The Real Deal Miami

Could new office construction herald Palm Beach County rebound?

By Alexander Britell | April 17, 2010 05:44PM

Palm Beach County’s office market has traditionally focused on professional and financial services, sectors that took a hit just like the rest of South Florida in the last several years. But brokers say the county has two advantages: it didn’t over-build like Miami-Dade, and has emerging industries that could be future market drivers.

According to a first-quarter report by Grubb & Ellis, new office construction in Palm Beach County actually increased, despite a rise in office vacancy to a 10-year high of around 24 percent. The new building activity is tied to pre-leasing, including a 32,000-square-foot speculative, or spec, building in Boca Raton, a 73,000-square-foot property for Nova Southeastern University and a 63,000-square-foot property in Jupiter.

“Palm Beach is an interesting market because a lot of the office market is sort of related to what’s going on in the local population,” said Elizabeth Berthelette, an economist at Property and Portfolio Research, a CoStar affiliate. “Once personal wealth begins to improve, you’ll probably see those industries improve.”

In recent years, Palm Beach County’s office market has been driven to some degree by wealth management, which, because of the stock market crash and the Madoff scandal, has suffered.

Jason Sundook, principal and vice president at Merin Hunter Codman, a commercial real estate services firm and brokerage, said any recovery in the county — specifically the vacancy rate — is still a few years away. But the fact that the county did not fall victim to the kind of vast overexpansion seen in Miami-Dade might mean a quicker recovery, he said.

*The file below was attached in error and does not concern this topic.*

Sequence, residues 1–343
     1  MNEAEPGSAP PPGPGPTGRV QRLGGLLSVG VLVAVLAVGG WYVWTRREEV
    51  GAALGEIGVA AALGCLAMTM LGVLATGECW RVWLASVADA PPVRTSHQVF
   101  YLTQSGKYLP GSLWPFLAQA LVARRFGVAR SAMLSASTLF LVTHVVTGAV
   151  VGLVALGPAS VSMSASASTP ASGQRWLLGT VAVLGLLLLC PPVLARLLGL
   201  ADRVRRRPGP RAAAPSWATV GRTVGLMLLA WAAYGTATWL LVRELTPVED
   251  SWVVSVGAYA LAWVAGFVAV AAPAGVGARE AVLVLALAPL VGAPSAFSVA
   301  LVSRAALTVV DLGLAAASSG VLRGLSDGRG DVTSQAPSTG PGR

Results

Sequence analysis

One sector that could contribute in the longer term is biotech, with several large projects having been approved recently, centered around the Scripps Research Institute, including a plan in Jupiter’s Abacoa neighborhood. Palm Beach Gardens also gave the go-ahead to a 20-year-plan to develop a one-square-mile tract for the institute.

But brokers say the Scripps plan will be slow and steady, and won’t be a panacea.

“Anything having to do with Scripps is going to be a slow, steady process,” he said. “It helps to put us on the map as a viable biotech location, but I don’t think any expansion of Scripps is going to give any immediate relief to the real estate market.”

Regardless of the long-term effect of the Scripps projects, brokers say Palm Beach County’s office market is ready to grow.

“We don’t have so much product,” he said. “The product that was built was infinitely smaller compared to a big city like Miami. We had our boom, we filled up nicely, then the construction for the most part stopped. … The only really significant multi-tenant building was the CityPlace tower in West Palm Beach.”

For Anthony Librizzi, a vice president with CB Richard Ellis, the leader in listed office space market share in Palm Beach County, according to a recent survey conducted for The Real Deal, it all comes down to jobs

“Office properties are affected most by an area or state or county’s unemployment level, and at 12.5 percent, Palm Beach County’s is among the worst of Florida, arguably off the charts. I’ve been preaching this for 18 months now: jobs, jobs, jobs. If we can absorb some of this unemployment, and absorb some of the unemployed into jobs, in those service industries, the market will start coming back.”

Librizzi said he has seen signs of an uptick in recent months. He said incentives, like free rent concessions, along with the sentiment that the worst is probably over, were driving the market improvement. He specifically mentioned the retention of law firm Gunster Yoakley in West Palm Beach, with A 50,000-square-foot renewal. “It’s still a great time to be a tenant,” Librizzi said.